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WOMEN'S HEALTH

URINARY INCONTINENCE & POP

TYPES OF URINARY INCONTINENCE
Stress Urinary Incontinence (SUI) refers to leakage of urine from the bladder occurring with physical activity or exertion. It may happen with coughing, sneezing, laughing, heavy lifting, jumping or exercising.


Urge Urinary Incontinence (UUI) refers to a sudden strong urge to urinate associated with small or large amount of urine loss and increased frequency of urination.

DOES PREGNANCY AND CHILDBIRTH CAUSE URINARY INCONTINENCE?

SUI and/or UUI may develop during pregnancy or post-partum. During pregnancy, the growing uterus and baby place increased pressure on the bladder and the pelvic floor muscles. The decreased bladder volume and strain on the pelvic floor muscles cause incontinence. During childbirth, the birth canal (vagina) with its associated nerves and pelvic floor muscles can be excessively stretched – especially if stage 2 of the delivery (the pushing phase) is either very fast (less than 10 mins) or prolonged (more than 30 mins). A stage 2 labour that is of approximately 20-30 mins duration has been statistically shown to reduce the incidence of nerve and pelvic floor muscle damage. Although pregnancy and childbirth can cause UI, it can be effectively treated with physiotherapy management.

WHAT ARE THE RISK FACTORS ASSOCIATED WITH URINARY INCONTINENCE?

Common causes of UI are:

  • Multiparous (multiple pregnancies)

  • Obesity

  • Gynaecological or urogenital system surgery

  • Chronic illness e.g. Parkinson’s, Diabetes etc.

  • Certain medications

  • Smoking

  • Chronic straining due to constipation

  • Chronic cough or chronic respiratory disease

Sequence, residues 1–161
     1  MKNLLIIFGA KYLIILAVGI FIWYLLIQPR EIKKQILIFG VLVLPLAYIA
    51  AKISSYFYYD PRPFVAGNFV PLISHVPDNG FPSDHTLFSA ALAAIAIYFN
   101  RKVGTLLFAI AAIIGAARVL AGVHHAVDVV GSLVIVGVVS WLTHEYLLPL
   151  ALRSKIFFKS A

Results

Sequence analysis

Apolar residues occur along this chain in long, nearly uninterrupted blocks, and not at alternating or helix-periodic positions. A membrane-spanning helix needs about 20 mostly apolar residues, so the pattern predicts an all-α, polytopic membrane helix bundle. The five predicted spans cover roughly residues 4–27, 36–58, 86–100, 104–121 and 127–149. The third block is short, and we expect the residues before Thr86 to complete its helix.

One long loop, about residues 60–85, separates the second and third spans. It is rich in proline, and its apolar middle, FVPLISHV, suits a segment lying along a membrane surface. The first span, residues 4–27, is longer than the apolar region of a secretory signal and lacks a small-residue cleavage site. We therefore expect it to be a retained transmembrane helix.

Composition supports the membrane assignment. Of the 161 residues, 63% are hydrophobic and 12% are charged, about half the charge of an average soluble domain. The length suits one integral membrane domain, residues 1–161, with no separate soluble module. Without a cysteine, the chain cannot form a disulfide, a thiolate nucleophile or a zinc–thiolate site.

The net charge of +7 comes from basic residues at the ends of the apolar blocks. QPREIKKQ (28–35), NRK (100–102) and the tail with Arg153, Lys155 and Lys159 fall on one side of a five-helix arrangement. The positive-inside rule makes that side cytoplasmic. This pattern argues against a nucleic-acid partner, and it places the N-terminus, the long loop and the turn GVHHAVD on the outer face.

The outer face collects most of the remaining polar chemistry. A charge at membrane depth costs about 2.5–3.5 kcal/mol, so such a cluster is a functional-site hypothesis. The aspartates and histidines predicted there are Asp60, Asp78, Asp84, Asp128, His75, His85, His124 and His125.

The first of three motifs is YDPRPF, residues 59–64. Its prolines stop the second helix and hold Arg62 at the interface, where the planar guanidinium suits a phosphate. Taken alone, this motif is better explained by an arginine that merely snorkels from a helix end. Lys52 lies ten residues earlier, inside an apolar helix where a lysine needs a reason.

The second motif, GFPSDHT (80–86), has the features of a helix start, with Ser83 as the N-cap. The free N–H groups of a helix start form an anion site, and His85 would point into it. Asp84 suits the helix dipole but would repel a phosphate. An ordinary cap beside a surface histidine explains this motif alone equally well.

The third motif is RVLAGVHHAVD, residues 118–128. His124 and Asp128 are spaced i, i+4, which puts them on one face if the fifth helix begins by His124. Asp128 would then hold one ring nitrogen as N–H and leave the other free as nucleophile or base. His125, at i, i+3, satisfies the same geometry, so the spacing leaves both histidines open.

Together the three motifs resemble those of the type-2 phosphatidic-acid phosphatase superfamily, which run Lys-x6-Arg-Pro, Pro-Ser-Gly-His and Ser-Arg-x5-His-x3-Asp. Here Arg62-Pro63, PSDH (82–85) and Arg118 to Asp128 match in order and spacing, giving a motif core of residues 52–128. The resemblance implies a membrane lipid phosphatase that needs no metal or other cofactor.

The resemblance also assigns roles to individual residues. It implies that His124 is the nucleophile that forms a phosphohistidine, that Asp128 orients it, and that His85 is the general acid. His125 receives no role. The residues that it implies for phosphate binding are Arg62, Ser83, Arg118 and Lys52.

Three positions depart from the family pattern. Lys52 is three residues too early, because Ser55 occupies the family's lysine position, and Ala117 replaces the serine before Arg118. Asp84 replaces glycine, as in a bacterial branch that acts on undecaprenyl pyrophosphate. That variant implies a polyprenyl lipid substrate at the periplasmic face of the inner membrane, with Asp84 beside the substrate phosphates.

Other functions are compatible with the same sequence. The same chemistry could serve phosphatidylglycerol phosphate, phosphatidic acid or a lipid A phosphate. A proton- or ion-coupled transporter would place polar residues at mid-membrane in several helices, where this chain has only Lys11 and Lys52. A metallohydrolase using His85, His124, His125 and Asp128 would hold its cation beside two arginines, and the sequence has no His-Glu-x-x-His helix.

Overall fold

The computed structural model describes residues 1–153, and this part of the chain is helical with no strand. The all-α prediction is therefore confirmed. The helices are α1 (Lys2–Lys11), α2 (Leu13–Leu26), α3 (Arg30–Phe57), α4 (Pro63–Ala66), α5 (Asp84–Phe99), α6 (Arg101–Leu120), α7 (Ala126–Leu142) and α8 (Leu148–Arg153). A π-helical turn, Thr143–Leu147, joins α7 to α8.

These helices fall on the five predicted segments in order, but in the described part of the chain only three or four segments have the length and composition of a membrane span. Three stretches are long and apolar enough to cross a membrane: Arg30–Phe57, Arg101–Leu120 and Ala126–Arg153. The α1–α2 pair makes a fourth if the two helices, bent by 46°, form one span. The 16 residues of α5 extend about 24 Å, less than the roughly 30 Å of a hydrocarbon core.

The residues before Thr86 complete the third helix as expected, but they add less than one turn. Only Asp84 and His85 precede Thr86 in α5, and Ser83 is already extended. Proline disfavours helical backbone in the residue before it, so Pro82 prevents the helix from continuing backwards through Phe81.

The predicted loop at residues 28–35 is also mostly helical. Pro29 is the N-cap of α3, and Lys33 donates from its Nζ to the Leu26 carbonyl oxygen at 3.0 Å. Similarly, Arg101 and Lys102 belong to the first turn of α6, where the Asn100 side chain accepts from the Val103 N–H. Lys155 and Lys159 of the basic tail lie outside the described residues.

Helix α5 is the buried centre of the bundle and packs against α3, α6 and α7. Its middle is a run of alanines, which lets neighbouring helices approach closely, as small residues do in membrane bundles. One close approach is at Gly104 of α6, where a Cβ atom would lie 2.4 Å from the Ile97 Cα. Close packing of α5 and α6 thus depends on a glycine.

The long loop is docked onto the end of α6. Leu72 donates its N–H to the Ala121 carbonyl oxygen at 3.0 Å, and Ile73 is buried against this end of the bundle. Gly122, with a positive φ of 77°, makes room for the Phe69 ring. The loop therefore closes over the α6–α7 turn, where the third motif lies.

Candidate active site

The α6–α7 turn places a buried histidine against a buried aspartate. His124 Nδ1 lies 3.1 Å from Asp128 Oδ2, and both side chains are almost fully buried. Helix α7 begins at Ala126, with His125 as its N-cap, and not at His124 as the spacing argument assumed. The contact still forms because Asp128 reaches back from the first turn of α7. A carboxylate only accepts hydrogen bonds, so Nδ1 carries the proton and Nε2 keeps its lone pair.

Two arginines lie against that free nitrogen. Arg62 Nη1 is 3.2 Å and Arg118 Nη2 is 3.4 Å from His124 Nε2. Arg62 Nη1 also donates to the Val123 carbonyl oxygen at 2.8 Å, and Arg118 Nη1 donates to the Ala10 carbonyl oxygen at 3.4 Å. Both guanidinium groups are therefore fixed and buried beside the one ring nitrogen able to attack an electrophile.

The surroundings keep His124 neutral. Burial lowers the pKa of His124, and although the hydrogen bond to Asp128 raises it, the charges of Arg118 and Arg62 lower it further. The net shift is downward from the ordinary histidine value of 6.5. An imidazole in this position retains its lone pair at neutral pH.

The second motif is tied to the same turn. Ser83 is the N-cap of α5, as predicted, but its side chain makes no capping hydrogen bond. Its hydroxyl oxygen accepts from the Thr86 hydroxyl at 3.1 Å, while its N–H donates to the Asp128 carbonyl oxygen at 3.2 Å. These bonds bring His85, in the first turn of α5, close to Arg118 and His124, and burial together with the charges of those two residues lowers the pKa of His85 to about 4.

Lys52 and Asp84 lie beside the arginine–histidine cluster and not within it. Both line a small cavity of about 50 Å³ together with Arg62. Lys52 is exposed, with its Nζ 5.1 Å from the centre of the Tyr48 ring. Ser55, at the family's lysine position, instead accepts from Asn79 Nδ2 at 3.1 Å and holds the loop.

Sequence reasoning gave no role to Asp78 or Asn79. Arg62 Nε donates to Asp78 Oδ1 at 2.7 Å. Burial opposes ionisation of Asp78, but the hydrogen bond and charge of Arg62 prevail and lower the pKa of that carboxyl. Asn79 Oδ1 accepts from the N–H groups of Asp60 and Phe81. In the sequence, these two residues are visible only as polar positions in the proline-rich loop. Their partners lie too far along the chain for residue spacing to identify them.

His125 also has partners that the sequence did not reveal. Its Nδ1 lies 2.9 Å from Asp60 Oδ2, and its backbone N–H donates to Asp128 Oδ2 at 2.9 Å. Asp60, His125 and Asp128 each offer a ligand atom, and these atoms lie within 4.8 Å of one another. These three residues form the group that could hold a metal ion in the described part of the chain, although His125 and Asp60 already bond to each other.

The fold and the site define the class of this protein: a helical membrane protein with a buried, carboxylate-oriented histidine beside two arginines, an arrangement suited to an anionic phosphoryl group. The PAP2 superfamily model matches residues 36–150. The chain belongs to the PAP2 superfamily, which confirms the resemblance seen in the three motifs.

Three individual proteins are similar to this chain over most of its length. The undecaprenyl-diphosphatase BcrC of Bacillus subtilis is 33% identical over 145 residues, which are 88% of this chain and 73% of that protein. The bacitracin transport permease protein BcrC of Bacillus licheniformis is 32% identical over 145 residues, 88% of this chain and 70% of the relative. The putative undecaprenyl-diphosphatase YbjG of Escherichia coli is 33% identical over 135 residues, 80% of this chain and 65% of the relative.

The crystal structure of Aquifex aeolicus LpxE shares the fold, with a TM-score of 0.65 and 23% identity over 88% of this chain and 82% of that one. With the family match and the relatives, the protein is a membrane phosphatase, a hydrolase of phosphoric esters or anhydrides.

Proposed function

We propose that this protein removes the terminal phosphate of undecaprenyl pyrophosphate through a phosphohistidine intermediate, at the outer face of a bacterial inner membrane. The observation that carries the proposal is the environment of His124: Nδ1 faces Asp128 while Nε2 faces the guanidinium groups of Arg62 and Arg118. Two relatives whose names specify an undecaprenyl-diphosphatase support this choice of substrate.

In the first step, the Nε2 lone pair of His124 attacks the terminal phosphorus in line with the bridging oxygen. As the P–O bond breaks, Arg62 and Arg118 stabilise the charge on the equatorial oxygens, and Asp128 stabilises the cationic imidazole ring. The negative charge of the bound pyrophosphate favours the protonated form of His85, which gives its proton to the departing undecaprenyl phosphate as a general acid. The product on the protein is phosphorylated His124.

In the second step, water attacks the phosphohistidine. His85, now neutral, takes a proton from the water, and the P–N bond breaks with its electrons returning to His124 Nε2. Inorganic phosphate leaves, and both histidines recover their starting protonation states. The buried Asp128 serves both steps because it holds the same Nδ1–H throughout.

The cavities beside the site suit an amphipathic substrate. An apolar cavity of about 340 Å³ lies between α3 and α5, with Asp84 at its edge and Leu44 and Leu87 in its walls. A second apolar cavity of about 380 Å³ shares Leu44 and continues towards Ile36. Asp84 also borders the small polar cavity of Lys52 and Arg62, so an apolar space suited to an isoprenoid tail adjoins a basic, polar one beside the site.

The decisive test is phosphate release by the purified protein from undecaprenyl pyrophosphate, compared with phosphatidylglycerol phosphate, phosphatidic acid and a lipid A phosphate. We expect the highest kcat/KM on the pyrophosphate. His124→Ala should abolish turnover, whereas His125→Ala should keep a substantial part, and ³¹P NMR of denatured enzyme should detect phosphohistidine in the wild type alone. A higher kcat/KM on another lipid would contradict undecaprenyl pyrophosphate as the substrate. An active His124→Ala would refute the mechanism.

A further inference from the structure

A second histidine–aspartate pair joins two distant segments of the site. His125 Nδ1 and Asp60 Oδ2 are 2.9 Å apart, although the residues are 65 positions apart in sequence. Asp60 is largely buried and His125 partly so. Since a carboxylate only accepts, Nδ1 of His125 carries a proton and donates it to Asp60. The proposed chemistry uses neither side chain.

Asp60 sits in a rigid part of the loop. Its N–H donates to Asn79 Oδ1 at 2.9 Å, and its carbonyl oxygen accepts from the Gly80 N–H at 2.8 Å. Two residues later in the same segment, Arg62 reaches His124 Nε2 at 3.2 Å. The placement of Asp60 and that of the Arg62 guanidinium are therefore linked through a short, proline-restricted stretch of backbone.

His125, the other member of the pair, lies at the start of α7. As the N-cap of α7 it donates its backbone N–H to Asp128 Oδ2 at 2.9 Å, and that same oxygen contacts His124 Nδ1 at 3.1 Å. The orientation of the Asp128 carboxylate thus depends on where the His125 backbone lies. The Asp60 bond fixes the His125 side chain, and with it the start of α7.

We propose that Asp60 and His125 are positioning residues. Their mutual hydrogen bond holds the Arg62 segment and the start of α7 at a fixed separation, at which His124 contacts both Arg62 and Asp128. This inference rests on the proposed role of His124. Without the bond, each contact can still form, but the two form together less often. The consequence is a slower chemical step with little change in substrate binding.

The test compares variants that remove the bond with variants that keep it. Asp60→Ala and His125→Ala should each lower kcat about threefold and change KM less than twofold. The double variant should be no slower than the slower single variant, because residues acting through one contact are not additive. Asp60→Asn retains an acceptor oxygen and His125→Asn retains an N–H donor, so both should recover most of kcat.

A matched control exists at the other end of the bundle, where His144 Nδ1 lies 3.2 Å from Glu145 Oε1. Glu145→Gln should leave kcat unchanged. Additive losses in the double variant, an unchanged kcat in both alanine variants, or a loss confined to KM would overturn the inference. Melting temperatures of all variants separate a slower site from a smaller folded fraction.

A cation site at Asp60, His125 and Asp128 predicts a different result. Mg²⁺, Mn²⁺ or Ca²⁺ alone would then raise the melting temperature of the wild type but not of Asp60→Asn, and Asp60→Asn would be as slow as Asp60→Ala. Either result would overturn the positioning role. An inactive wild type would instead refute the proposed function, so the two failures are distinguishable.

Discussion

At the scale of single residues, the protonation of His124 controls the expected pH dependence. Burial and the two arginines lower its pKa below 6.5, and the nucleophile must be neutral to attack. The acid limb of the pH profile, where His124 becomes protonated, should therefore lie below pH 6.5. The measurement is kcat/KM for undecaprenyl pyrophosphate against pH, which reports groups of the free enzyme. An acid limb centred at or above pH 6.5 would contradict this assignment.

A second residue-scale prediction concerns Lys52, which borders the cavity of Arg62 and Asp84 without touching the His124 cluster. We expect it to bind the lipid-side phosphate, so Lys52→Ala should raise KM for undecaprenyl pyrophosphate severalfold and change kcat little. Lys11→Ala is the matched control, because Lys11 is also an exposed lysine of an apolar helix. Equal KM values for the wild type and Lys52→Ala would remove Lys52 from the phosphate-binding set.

• Post-menopausal women due to hormonal change

WHAT IS THE ROLE OF THE PELVIC FLOOR MUSCLES?

The pelvic floor consists of three layers of muscles that function to support the pelvic organs; assist in urinary and faecal continence; aid in sexual performance; and stabilise the pelvic girdle.If three muscles and their associated ligaments or nerves become over stretched, they are unable to create sufficient tension to ‘hold up’ the pelvic organs (bladder, uterus and rectum) or ‘close off’ the urethra (outlet of the bladder); vaginal passage; and rectum. This may result in pelvic floor dysfunction, urinary or faecal incontinence, decreased sexual sensation during intercourse or the possibility of a pelvic organ prolapse. (Figure 2.1)

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Figure 2.1

WHAT IS PELVIC ORGAN PROLAPSE(POP)?

POP Occurs when there is inadequate support of the bladder, uterus or rectum by the pelvic floor muscles and associated ligaments; or when there is excessive pressure on the pelvic organs. Either or both of these factors can cause sagging and a downward bulge of any or all of the pelvic organs into the vagina. Childbirth is often the cause of a prolapse, affecting 50% of porous (child bearing) women.

Symptoms of a POP may include:

  • Heaviness in the vagina

  • Sensations of something “coming down”or a Lump bulging out of the vagina

  • Pain or decreased sensation with intercourse

  • Recurrent urinary tract infections

  • Difficulty emptying your bowel

  • A slow urine stream during voiding

CAN PHYSIOTHERAPY HELP URINARY INCONTINENCE AND PELVIC ORGAN PROLAPSE?

Medical research confirms that pelvic floor muscle training is the most effective treatment option in address both urinary incontinence and pelvic organ prolapse.


At Morthan Cure, our Women’s Health Physiotherapist will carry out a full assessment of your pelvic floor muscle strength and function using real time ultrasound imaging in addition to an internal examination. If indicated, a pelvic floor muscle rehabilitation program will be prescribed, which may include pelvic floor muscle exercises, intravaginal electrical stimulation, bladder training and abdominal core stabilisation exercises. In addition, any other factors that are contributing to increased pressure on the pelvic floor will be addressed during a comprehensive assessment.